Understanding Parole as Part of Criminal Sentencing in Texas

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Parole in Texas is a way – or is meant to be a way – to help an offender return to society. Conditions of parole are often the same as probation, so you are not free to do what you want or think you can. A parolee must abide by the conditions set for release. Failure to do so can result in a return to jail, among other penalties, and no one wants that.

What is Parole?

Parole is a form of conditional release that allows a prisoner to serve the rest of their sentence in the community. While on parole, offenders are supervised by a parole officer and must comply with various conditions. If they fail to do so, they risk returning to prison.

Parole is not an automatic right. While a prisoner may be entitled to apply for parole at a certain point of their sentence, parole is not guaranteed. Parole applications are heard and decided by a parole board. 

Parole is designed to assist offenders in reentering society and readjusting to life outside of a custodial environment. Supporting offenders in this way also reduces their risk of reoffending.

Eligibility for Parole in Texas

Prisoners are usually required to serve a minimum amount of their sentence before they can apply for parole. A prisoner's parole eligibility date depends on the jurisdiction where they are applying. 

Generally, a parole board holds a hearing to hear arguments to determine whether an offender is eligible for parole and whether to grant it. Factors considered in this determination include the relevant crime(s), the circumstances of the offense, the offender's criminal history, and their personal circumstances. 

Parole will be denied if any of the following circumstances:

  • A substantial risk exists that the offender will not comply with parole conditions
  • Parole could depreciate the seriousness of the crime
  • Parole could adversely affect institutional discipline
  • The offender needs continued correctional treatment, vocational training, other training, or medical care, which is best provided while institutionalized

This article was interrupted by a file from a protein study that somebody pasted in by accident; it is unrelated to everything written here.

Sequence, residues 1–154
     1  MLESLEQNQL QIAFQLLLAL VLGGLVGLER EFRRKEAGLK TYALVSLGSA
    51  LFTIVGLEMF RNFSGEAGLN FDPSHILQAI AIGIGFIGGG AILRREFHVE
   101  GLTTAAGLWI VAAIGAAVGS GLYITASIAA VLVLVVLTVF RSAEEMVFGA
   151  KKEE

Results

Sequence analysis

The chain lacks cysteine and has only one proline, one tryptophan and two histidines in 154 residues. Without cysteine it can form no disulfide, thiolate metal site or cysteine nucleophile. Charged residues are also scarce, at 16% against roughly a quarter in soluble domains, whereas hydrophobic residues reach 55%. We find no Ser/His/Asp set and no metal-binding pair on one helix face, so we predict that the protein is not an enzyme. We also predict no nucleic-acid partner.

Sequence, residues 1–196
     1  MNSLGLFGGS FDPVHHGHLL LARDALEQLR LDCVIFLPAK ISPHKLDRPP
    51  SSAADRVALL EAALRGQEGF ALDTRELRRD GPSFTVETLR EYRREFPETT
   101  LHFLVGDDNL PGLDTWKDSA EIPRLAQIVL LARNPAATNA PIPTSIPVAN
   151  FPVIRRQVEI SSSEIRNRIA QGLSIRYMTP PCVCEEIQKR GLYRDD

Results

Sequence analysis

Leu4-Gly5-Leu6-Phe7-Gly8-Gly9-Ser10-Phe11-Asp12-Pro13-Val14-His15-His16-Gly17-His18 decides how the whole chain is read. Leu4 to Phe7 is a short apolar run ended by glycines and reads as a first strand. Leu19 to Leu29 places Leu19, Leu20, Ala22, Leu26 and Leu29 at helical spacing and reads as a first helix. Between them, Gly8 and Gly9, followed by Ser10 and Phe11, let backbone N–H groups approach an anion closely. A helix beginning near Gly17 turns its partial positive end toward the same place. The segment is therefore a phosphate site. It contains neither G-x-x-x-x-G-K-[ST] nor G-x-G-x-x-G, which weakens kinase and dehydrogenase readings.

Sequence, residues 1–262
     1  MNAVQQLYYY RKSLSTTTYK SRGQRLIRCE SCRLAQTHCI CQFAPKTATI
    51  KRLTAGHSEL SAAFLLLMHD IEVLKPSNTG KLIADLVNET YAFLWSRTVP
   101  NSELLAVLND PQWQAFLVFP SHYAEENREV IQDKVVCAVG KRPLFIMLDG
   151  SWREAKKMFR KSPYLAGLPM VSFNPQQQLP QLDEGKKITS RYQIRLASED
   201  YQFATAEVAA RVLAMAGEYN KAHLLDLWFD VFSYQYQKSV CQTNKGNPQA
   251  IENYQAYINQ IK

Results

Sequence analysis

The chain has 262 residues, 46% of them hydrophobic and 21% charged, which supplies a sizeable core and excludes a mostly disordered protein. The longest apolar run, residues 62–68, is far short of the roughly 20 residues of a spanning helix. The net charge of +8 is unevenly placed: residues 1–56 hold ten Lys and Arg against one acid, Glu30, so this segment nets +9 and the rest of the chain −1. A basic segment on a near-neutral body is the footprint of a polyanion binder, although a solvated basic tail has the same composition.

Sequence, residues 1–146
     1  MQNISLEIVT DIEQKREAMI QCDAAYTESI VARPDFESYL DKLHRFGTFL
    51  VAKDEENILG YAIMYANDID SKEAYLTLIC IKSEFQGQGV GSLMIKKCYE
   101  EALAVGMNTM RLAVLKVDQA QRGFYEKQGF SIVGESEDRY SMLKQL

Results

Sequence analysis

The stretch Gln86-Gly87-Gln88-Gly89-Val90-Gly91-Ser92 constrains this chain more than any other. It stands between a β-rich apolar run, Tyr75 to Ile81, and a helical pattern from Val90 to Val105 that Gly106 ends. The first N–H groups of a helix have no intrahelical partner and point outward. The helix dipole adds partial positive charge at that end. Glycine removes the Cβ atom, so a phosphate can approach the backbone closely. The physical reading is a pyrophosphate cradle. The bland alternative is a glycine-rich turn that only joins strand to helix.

For the most serious offenses, prisoners sentenced to life without the possibility of parole are prohibited from ever applying for parole. 

TexasCommon Parole Conditions

An offender's parole conditions will depend on the relevant law, the circumstances of the offense, and the personal circumstances of the offender. 

Parole conditions either impose a positive obligation on the offender or restrict their behavior. For example, some common parole conditions include the requirement to:

  • Report regularly to a parole officer
  • Maintain employment and a residential address
  • Attend drug or alcohol counseling
  • Submit to electronic monitoring
  • Not commit any further offenses
  • Not consume any drugs or alcohol
  • Not leave the state without permission
  • Not interact with other offenders
  • Not possess a gun or other weapon

Parole boards generally have wide discretion when it comes to deciding parole conditions. 

Parole Violations in Texas

There are serious consequences for failing to comply with the conditions of parole. An offender may violate their parole by:

  • Committing an offense
  • Failing to report to a parole officer as required
  • Failing a drug or alcohol test
  • Leaving the state without prior permission

Possible consequences of violating parole include:

  • A formal warning from a parole officer
  • Stricter parole conditions like increased drug testing
  • Revocation of parole and return to prison to serve some or all of the remainder of the sentence

Before an offender's parole can be revoked, they will appear before at least one parole violation hearing. If they are contesting a violation, the hearing allows the offender to present evidence and challenge any evidence presented by the authorities.

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